What is it?
The Patagonia Micro Puff is a synthetic belay style jacket. It's light-weight (550g), simple, and warm when wet. It's for belaying your mate on a cold day, sticking on over your shell on a Scottish winter route, carrying on summer Alpine excursions, going to the pub in February and a host of other things.
It's not water-proof, it's not quite hard-core enough for winter Alpinism, it's not for Himalayan expeditions.
There are a host of insulated jackets on the market, some are thick, some are thin. The thicker they are, usually the warmer they are – but they also weigh more and take up loads of room in your sack. So the trade off, how cold are you going to get?
For real winter-climbing abuse you are going to need something heavier than the Micro Puff (See UKC Review of the Mammut Jacket and also a Belay Jacket overview), but for winter rock climbing and occasional Scottish routes, a jacket of a similar weight to the Patagonia Micro Puff is a good option.
The quick answer is – yes it does.
The cut of the jacket is quite large, meaning that it fits over your other clothes easily, just like it is supposed to (perfect for slinging on over your shell when belaying). The side pockets are big enough to get gloved hands in easily, but the outer skin of the pocket is only made from the shell fabric, with no insulation - so they aren't super warm. The chest pocket is large, but the opening could have been bigger, a map will squeeze past the zip, just. I couldn't get a hand in with a big glove on, but I could fit map, compass and a few twix bars in there. The large inside drop-pocket is fantastic and for winter climbing is essential. Basically it's a big pouch on the inside in which you can easily chuck your mitts, gloves or water bottle, or anything that you want to store and keep warm on a belay. Great. Also good for sticking your rock boots in when bouldering - keeping them warm whilst you rest. The drop-pocket needs to be big, easy to access and have a light elastic top. The Micro-Puff ticks all those boxes. The jacket zips are high quality YKK zips, both on the pockets and on the main zip. These are bomb-proof and have worked well. The waist draw cord works fine, but it would have been nice to have one on the neck, which brings us on to the next topic:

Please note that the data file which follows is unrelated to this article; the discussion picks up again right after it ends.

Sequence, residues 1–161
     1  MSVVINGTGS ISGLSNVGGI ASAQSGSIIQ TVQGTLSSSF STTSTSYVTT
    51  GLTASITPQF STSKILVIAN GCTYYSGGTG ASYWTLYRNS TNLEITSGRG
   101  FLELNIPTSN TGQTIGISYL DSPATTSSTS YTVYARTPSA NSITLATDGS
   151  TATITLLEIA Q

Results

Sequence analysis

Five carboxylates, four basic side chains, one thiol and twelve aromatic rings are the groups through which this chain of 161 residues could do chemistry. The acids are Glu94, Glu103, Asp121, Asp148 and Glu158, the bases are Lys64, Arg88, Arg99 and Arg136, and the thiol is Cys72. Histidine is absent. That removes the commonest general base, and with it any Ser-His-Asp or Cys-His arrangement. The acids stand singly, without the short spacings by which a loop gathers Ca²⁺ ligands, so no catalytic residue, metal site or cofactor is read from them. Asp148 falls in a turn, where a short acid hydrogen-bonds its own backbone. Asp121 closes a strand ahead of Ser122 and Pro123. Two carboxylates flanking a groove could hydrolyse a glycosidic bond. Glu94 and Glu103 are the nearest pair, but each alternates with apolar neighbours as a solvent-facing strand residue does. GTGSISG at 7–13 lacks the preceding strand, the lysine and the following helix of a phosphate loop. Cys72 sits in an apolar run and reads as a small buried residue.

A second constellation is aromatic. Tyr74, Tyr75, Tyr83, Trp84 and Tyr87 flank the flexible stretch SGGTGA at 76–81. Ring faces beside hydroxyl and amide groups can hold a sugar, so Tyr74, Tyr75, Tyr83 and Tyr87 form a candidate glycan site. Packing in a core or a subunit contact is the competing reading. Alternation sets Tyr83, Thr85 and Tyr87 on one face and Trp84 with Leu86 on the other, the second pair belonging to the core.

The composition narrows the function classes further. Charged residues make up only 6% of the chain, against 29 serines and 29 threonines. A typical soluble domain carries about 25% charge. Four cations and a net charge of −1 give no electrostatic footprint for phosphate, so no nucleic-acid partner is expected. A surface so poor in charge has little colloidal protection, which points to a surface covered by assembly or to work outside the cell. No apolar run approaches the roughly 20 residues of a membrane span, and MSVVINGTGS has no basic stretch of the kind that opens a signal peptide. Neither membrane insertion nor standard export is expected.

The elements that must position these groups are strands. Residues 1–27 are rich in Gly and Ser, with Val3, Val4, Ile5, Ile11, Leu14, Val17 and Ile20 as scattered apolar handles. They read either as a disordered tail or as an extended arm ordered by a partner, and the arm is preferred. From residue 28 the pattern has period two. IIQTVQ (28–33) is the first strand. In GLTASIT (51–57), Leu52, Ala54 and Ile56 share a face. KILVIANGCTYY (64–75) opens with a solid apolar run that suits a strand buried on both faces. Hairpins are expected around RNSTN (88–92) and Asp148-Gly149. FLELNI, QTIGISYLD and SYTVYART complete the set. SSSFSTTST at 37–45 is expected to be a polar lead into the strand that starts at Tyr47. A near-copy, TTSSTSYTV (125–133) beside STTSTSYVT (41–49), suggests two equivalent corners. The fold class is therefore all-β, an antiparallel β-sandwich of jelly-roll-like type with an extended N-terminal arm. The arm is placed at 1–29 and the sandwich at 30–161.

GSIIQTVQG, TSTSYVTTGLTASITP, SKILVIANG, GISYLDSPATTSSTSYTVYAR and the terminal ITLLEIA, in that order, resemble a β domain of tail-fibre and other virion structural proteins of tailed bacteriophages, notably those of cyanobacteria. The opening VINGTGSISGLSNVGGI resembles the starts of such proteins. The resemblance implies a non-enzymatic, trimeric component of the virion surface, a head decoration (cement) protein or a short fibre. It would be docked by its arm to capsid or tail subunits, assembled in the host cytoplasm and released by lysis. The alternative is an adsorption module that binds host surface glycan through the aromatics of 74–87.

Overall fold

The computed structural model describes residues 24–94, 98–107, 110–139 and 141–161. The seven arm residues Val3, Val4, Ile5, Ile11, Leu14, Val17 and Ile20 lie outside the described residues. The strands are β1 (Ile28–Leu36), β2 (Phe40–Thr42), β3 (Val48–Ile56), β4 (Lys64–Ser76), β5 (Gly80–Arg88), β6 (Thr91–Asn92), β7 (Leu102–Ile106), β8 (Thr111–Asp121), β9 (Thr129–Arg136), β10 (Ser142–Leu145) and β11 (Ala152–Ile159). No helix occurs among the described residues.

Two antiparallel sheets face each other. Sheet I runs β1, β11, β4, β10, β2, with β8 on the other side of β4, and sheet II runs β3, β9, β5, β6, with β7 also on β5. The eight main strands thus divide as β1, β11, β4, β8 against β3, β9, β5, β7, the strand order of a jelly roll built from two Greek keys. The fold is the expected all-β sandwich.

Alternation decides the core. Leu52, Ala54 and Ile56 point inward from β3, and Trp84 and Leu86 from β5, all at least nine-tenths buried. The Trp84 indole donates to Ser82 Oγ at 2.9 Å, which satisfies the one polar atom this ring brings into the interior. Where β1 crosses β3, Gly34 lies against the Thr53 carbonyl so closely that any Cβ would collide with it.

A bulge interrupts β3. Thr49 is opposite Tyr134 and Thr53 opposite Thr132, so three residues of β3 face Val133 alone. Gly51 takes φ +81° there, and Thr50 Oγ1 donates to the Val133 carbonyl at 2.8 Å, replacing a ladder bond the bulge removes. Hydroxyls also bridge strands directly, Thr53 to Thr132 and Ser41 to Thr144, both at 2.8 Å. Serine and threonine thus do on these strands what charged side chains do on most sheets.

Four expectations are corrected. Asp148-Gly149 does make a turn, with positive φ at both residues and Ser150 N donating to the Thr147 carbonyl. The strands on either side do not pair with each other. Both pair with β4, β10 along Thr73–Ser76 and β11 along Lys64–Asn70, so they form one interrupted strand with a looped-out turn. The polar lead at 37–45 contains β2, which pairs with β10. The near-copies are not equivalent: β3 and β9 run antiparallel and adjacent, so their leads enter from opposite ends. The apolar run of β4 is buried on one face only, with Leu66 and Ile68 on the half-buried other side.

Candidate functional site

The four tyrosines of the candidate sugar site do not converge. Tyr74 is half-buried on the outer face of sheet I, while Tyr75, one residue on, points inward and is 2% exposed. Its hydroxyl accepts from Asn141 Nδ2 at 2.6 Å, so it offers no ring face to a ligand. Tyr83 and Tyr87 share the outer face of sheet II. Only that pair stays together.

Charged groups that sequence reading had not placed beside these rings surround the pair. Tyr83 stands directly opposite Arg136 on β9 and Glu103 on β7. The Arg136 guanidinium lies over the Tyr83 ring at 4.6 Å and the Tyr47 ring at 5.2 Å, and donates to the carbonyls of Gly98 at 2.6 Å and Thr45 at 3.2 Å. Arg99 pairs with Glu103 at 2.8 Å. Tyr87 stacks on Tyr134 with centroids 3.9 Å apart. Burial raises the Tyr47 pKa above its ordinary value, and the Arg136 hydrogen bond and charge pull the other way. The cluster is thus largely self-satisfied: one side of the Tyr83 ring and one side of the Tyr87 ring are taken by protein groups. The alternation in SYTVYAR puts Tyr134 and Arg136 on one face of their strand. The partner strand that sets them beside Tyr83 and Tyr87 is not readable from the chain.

I have the version that doesn't have a hood. For a few extra quid I would definitely plump for the hooded version. I don't know what the hood is like, not having tested it, but it has got to be better than no hood! A winter belay jacket needs to have a hood if you are braving cold weather - be it on Ben Nevis or at The Plantation Boulders.
Fabrics and technical stuff
The shell fabric is “Lightweight, water-resistant and windproof”. It won't repel a rainstorm, but it is very windproof and the whole jacket feels very light. The synthetic lining is warm when wet, doesn't clump together and is made from recycled polyester, great.
Lightweight, water-resistant and windproof shell
Insulated with continuous filament polyester that won't drift or clump
Exceptionally warm when wet, durable, soft and compressible
Pockets: two zippered handwarmers, one zippered chest and an interior drop-in mesh
Full-length, DWR (durable water repellent) front zip, backed with a non-snag windflap
Durable, covered-elastic wrist closures, drawcord hem; stuff sack
Shell: 1.3-oz 22-denier polyester (90% recycled) double-ripstop with a Deluge® DWR (durable water repellent) finish. Lining: 1.4-oz 22-denier 100% recycled polyester mini-ripstop with a Deluge DWR finish. Insulation: 3-oz Climashield® Green continuous filament polyester (40% recycled).
550 g (19.4 oz)
Made in Thailand.
One of the original and still one of the better lightweight insulated jackets. Lots of features that are handy, and a cut that actually fits. My advice is to get the hooded version. Going for a winter north face? Get something heavier and warmer!
Related UKC Reviews:
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